• Potenza and colleagues****** might to some degree disagree with that last statement about core symptoms with the result of the their study looking at the use of olanzapine and their description of clinical responders showing "improvements in overall symptoms of autism, motor restlessness or hyperactivity, social relatedness, affectual reactions, sensory responses, language usage, self-injurious behavior, aggression, irritability or anger, anxiety, and depression" balanced again with the weight gain issue.

What conclusions could we take from this collected work?

Well, possibly a few. So for example, that the lines between the effects of medication on core and peripheral symptoms are perhaps less clear-cut than one might first imagine. We've kinda seen it before with other classes of pharmacotherapy such as melatonin and its effects on sleep in cases of autism; another peripheral issue not generally noted under 'core' behaviours but potentially impacting quite significantly on the presentation of some core behaviours. 

There is also the issue of cost vs. benefit when it comes to the use of antipsychotic medication in cases of autism. Similar to just about any intervention for autism, benefits must always outweigh costs and costs shouldn't generally be significant in the longer term such as making a person more prone to developing other health issues. Reading between the lines, I am perhaps beginning to realise why NICE made the recommendations they did; based not purely on the efficacy data (i.e. do antipsychotics work in cases of autism?) but rather cumulatively on the efficacy and safety data and the important impact that side effects such as weight gain can have on a person and their long-term health. Indeed The Mental Elf carries quite a good overview of of the research around side-effects from neuroleptics (in children and adolescents).

Finally, and without giving any advice on the matter, more attention should perhaps be given to the use of antipsychotics in cases of autism as being a last resort option. I think back to the area of dementia and that study on the use of painkillers vs. antipsychotics (see here) to decrease levels of 'agitation' and can't help but make a comparison. I'm not insinutaing that all challenging behaviours observed in autism are due to pain nor that there is no place for antipsychotics with appropriate monitoring, but rather that there may be other antecedents to the presentation of challenging behaviours. The trick is to find out what they might be, both at an individual and group level and if needs be, offering good medicines management.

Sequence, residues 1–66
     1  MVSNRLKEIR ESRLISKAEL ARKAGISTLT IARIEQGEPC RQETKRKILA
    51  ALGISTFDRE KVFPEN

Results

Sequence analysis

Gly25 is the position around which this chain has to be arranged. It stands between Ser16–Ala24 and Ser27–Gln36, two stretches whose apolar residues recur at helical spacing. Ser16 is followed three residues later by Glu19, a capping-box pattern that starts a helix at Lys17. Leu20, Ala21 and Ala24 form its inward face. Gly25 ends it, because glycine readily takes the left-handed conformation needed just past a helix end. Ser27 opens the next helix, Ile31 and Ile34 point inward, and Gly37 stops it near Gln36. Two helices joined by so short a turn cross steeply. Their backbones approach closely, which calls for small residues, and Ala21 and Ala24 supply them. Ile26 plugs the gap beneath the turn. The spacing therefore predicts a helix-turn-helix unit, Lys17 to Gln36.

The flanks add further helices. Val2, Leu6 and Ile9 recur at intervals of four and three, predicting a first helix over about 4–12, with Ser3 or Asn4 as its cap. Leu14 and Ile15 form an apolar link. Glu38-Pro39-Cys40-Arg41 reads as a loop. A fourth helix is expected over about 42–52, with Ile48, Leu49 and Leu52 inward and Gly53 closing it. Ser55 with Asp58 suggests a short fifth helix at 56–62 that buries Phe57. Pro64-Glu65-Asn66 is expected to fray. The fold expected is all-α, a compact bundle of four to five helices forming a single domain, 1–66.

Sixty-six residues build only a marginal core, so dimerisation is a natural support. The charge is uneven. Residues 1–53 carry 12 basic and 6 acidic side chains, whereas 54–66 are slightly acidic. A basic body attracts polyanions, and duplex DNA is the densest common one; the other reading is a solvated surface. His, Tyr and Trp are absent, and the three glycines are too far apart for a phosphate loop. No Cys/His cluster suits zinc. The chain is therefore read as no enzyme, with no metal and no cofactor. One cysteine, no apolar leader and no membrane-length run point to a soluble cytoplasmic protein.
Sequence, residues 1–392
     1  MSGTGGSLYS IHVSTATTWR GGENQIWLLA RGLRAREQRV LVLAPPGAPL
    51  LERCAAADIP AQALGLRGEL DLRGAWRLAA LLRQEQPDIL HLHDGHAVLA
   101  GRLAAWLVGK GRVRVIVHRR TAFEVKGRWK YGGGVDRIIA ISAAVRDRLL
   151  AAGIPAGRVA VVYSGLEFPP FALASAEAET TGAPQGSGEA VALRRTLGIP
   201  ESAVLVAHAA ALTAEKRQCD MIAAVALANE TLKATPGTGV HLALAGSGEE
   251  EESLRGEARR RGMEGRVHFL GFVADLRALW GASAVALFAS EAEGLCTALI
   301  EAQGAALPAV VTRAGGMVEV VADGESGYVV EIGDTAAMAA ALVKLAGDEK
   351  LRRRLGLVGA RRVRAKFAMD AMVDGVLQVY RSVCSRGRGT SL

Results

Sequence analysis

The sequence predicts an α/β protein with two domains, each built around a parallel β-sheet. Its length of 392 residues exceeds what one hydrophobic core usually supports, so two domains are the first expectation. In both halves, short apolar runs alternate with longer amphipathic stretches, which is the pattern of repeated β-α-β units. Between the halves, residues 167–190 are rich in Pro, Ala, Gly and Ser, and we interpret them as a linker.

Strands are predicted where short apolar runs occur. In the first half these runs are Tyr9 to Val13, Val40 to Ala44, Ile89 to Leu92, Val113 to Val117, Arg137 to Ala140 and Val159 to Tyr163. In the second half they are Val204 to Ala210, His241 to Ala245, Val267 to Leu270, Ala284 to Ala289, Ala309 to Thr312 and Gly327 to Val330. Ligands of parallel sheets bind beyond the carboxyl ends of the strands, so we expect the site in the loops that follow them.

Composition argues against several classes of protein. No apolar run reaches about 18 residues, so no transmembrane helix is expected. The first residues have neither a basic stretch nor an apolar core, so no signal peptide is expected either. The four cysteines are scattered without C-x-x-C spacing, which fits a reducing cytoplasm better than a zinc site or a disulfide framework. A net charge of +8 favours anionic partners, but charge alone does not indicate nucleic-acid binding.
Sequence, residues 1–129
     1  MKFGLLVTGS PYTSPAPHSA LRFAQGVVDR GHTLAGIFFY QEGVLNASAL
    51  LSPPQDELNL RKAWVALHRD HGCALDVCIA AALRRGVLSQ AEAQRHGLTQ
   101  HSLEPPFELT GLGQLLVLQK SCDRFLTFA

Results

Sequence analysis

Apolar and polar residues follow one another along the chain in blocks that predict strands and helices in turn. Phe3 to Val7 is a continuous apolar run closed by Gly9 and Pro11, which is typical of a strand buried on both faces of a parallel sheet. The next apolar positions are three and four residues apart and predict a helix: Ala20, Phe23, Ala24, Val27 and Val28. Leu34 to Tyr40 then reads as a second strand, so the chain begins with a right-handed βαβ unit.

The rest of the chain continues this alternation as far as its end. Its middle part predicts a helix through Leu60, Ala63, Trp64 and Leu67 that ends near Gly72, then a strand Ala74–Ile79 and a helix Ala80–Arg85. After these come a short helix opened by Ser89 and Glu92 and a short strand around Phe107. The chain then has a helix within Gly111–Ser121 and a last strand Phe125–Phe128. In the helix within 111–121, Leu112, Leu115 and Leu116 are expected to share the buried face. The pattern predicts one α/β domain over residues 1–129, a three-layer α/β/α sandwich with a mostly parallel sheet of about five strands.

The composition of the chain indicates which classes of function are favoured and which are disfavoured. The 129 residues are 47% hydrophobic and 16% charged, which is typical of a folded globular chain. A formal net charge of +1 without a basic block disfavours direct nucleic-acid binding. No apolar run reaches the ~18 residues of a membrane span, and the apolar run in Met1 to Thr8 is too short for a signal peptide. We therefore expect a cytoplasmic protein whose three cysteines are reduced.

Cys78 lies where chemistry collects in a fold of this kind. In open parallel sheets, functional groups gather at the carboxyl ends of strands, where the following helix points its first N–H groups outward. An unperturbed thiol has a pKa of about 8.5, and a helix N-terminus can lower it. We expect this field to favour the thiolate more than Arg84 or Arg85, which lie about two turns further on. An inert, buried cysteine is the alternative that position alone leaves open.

I realise that I might have been a little pedantic in this post; focusing more on wording than the 'spirit' of the text. But given that this and the other strands of NICE guidance are very likely to have a strong influence on the way that autism is viewed and managed by healthcare professionals in the UK and perhaps beyond, as per lots of other areas, a focus on the text is ultimately going to govern what clinical decision are made, or not, about the lives of people with autism.


* Dove D. et al. Medications for adolescents and young adults with autism spectrum disorders: a systematic review. Pediatrics. September 2012.

** Hollander E. et al. Divalproex sodium vs. placebo in the treatment of repetitive behaviours in autism spectrum disorder. International Journal of Neurospychopharmacology. 2006; 9: 209-213.

*** Elbe D. & Lalani Z. Review of the pharmacotherapy of irritability of autism. Journal of the Canadian Academy of Child & Adolescent Psychiatry. 2012; 21: 130-146.